Universe expansion acceleration?

Discussion in 'Science and Technology' started by creativedreams, Jan 2, 2012.

  1. creativedreams
    Offline

    creativedreams Weaver

    Joined:
    Nov 15, 2009
    Messages:
    1,165
    Thanks Received:
    27
    Trophy Points:
    71
    Ratings:
    +30
    Interesting thought...could the acceleration of the expansion of the Universe be the product of exploding Stars and Supernova's?
     
  2. Mr. H.
    Offline

    Mr. H. Diamond Member

    Joined:
    Aug 19, 2009
    Messages:
    44,171
    Thanks Received:
    9,278
    Trophy Points:
    2,030
    Location:
    A warm place with no memory.
    Ratings:
    +15,486
    It's like a bunch of popcorn going off inside a really big kettle.
     
  3. rdean
    Online

    rdean Guest

    Ratings:
    +0
    And the kernels get slammed together. As big as they are, I don't think they matter in this context, otherwise, we probably wouldn't be here.

    They do serve a purpose. ALL the heavy elements come from exploding stars. That's makes us the children of "Nova's". Much better than being shimmered into being from a pile of dirt.
     
  4. Mad Scientist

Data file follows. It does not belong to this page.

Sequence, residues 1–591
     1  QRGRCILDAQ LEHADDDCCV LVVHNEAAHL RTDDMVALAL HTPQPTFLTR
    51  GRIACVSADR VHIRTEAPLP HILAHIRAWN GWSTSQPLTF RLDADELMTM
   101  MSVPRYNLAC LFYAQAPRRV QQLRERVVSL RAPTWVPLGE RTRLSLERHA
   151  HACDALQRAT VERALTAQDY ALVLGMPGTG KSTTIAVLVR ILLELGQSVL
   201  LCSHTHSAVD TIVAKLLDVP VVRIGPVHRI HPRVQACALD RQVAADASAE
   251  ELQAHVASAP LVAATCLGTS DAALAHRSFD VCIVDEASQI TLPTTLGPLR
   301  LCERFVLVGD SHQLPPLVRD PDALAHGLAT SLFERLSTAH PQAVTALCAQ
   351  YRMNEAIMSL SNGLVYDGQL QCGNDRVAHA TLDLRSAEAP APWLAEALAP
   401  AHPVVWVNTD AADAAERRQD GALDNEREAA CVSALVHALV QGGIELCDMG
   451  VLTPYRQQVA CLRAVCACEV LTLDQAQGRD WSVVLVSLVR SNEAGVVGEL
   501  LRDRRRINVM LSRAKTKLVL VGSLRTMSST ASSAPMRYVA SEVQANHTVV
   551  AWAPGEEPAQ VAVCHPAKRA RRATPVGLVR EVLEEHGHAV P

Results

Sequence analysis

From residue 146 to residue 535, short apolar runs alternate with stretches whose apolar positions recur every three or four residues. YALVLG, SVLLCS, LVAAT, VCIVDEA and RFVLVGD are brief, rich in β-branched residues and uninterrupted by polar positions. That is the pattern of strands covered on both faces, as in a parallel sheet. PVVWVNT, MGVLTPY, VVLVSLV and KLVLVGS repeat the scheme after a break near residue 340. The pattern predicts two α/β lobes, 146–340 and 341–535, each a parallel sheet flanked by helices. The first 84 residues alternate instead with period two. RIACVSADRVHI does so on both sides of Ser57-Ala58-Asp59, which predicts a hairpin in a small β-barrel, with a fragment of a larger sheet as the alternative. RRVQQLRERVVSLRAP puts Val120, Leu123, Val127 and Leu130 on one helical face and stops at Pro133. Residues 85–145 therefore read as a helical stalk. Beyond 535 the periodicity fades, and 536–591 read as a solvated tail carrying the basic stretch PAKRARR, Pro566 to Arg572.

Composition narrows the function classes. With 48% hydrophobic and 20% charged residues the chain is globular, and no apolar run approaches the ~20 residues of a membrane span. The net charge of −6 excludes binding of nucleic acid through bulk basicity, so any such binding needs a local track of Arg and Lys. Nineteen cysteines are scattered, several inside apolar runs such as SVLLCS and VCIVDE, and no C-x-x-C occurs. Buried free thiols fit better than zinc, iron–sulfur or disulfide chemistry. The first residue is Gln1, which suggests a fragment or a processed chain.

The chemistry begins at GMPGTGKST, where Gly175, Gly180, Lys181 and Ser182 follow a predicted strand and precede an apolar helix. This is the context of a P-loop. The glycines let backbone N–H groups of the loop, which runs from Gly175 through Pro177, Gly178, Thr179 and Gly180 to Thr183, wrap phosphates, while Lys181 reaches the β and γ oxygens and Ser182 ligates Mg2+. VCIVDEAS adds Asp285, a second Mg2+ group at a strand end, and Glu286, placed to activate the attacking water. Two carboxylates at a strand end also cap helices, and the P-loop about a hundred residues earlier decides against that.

Offline

    Mad Scientist Feels Good!

    Joined:
    Sep 15, 2008
    Messages:
    24,196
    Thanks Received:
    5,260
    Trophy Points:
    270
    Ratings:
    +8,156
    Both are theories that haven't been conclusively proven. One isn't any better than the other.
     
  5. rdean
    Online

    rdean Guest

    Ratings:
    +0
    So speaks one of the 6%.
     
  6. American Horse
    Offline

    American Horse AKA "Mustang"

    Joined:
    Jan 23, 2009
    Messages:
    5,746
    Thanks Received:
    893
    Trophy Points:
    153
    Location:
    The Hoosier Heartland
    Ratings:
    +940
    Although the number of supernovae would have been appreciably greater in the early universe, when virtually every star was a billion times larger than our sun, in today's universe they are so uncommon that we have to look across inter-galactic distances to see one go off.

    It is true that the "inflation" epoch was back when massive stars were commonplace, and much more crowded together. However there are believed to have been several of these expanionary periods of inflation.
     
    Last edited: Jan 2, 2012
  7. creativedreams
    Offline

    creativedreams Weaver

    Joined:
    Nov 15, 2009
    Messages:
    1,165
    Thanks Received:
    27
    Trophy Points:
    71
    Ratings:
    +30
    LOL...good analogy!

    I wonder if dark matter could be pushed along from the exploding stars helping the expansion acceleration?

    Perhaps acting in a way like electrons do in a wire?
     

Share This Page